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"Treats esoteric ideas & movements with an even-handed intellectual studiousness"-Washington Post | PEN Award-winning historian | Censored in China
On the road in Queens, New York.

How riding can return you to yourself

Get a bike. Nothing fancy, it can be any old clunker (and is probably better that way). And bike everywhere possible: to work, home, shopping (you’ve heard of a backpack right?). And do so wherever you live and in every kind of season and weather.*

Wear a helmet. Use lights (a must at night). And look sharp. …

I updated a classic financial guide to reflect today’s tough truths

I hardly need to tell you about the dangers of revolving debt on credit cards, which generally carry yearly interest rates of more than twenty percent. (Cash advances are even higher — avoid them like exposed electrical wires other than in an emergency.) The…

One of Major-League Baseball’s Iconic Pitchers Reveals the Not-So-Secret Source ofHis Success: the Metaphysics of Thought

By mid-summer of 2001, 23-year-old Barry Zito was in a major slump. The Oakland A’s star young pitcher was winding down his second big-league season with a 6–7 win-loss record and an earned-run average of 5.07 — figures that could politely be called modest.

“Basically, I was at rock bottom,” Zito told Science of Mind. “And, a lot of times, you need to be at rock bottom before you can open to a whole new way of thinking.” …

Pic by Jacqueline Castel, graphic by Josh Romero

All you need to do is try

The Harvard physician grew encouraged, especially in his final years, by his personal experiments with New Thought, which he called “the religion of healthy-mindedness.” I challenge today’s seekers to continue James’s search for a testable, workable spiritual system. Will join me in a thirty-day experiment that puts positive-mind metaphysics to the test?

It is based on a passage from a 1931 book, Body, Mind, and Spirit by Elwood Worcester and Samuel McComb, in which a prominent scientist described radically improving his life…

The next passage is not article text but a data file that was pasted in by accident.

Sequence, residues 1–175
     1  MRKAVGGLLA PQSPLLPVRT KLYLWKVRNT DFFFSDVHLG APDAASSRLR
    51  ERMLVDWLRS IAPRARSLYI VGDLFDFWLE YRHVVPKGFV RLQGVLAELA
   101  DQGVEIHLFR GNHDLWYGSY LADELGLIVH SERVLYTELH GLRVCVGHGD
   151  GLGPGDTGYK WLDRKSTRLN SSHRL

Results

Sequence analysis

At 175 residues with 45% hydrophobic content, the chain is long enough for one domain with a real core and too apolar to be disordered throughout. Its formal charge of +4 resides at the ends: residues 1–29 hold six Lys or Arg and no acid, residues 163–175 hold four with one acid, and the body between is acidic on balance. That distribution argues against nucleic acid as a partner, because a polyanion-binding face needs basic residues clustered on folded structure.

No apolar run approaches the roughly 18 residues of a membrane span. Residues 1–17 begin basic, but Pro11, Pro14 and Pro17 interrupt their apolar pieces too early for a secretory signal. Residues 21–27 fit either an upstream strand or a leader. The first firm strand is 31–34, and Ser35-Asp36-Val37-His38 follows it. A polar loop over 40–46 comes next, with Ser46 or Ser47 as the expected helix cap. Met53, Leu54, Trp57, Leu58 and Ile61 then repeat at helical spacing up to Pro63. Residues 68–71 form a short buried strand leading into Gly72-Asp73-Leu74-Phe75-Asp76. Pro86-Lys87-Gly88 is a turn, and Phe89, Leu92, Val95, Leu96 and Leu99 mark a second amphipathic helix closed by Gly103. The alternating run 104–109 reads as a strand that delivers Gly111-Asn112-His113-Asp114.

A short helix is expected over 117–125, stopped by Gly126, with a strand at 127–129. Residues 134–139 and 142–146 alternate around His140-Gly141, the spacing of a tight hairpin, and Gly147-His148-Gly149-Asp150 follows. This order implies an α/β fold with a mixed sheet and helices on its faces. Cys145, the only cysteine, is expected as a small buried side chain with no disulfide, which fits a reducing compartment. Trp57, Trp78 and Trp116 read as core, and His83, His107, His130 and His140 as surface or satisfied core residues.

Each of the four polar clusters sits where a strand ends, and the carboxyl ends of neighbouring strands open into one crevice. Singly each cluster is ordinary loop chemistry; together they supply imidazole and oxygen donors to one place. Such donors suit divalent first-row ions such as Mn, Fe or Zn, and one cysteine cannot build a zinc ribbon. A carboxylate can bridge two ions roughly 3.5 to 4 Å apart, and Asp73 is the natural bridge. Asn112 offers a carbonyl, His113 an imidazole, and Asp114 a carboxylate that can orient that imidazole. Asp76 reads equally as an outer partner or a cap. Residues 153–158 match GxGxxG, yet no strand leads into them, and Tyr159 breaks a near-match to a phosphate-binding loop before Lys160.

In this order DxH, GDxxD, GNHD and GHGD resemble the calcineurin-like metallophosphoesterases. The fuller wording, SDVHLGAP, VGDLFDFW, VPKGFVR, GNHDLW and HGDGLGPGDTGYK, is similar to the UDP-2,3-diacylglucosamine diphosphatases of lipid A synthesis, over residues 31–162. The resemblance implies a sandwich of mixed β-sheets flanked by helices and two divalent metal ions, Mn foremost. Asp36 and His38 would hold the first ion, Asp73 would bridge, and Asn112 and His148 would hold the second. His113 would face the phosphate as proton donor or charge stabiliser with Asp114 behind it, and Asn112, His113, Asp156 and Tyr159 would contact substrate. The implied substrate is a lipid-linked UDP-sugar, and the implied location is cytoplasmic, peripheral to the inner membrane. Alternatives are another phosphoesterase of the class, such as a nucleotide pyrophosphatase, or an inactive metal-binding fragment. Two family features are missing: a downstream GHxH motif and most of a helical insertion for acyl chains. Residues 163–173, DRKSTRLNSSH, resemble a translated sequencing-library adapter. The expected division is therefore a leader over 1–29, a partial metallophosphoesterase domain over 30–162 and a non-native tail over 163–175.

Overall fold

Speaking in Chicago, 2019.

One Australian researcher got it

I honor the perspective of journalist Norman Cousins who wrote in Anatomy of an Illness in 1979: “Not every illness can be overcome. But many people allow illness to disfigure their lives more than it should. They cave in needlessly. They ignore and weaken whatever powers they have for standing erect.”

Although I urge caution throughout this book, I do not discount the possibility of extraordinary—even miraculous—episodes of recovery pertaining to the mind. And when I write “mind” I use an open-ended definition. …

“Are you a Satanist?”

Greg: All right Mitch let’s get this over with. You’ve been you’ve been waiting for this question: Are a Satanist?

Mitch: Ah, what a wonderful question. I believe in giving…

Mitch in Brooklyn. Pic by Jacquelyn Castel.

If you’ve heard it before it’s probably a waste of time

Beware of this pattern. The repeat-intake of opinioneering stifles original thought even as you believe you are receiving more and more insight. (Hint: insight doesn’t arrive in quantity.) In actuality, bingeing on opinion-affirming media is an emotional…

Lose this skin: at a self-immolation ritual in Brooklyn, July 4, 2020. Still by Jacquline Castel.

As a writer, I feared quitting the world’s largest media platform. I’ve never regretted it.

This summer I opted to free myself. I left Facebook and deleted my pages behind me. I haven’t experienced a moment’s regret.

Facebook has been a wonderful tool for me in many ways. I’ve met lots of great people there. However, something about the tech of Facebook — I cannot quite place my finger on it — fosters a frivolity of comment and an excess of familiarity with strangers or near-strangers. …

Whether Freemasons, the Illuminati, or the “Deep State,” secret groups are not out to get you…and may have something to teach

[The following article is adapted from the author’s forthcoming book, The Seeker’s Guide to the Secret Teachings of All Ages.]

The question of “secret societies” is one of the most controversial and dramatic in all of esoteric spirituality. In a sense, it is particularly controversial at this moment in the twenty-first century because we are living through a period in America, and in other parts of the world, where people are suffused with a kind of us-versus-them mentality.

A certain degree of conspiracist thought has always been popular within American history, going back to the anti-Masonic scares of the early…

Mitch in Brooklyn, 2020. Still by Jacqueline Castel.

Trust me, it really is better

As a young child and later as an adolescent I often felt ill at ease, locked out of the mainstream of life, uncomfortable, literally, in my own skin.

I had to create a world in which I could experience power and ability on my own terms. And I did. Because of that fact, I wouldn’t give up earlier sufferings for something easier even I could. Doing so would make me less mature, complete, and expressive as a person — and the same is true of you. …

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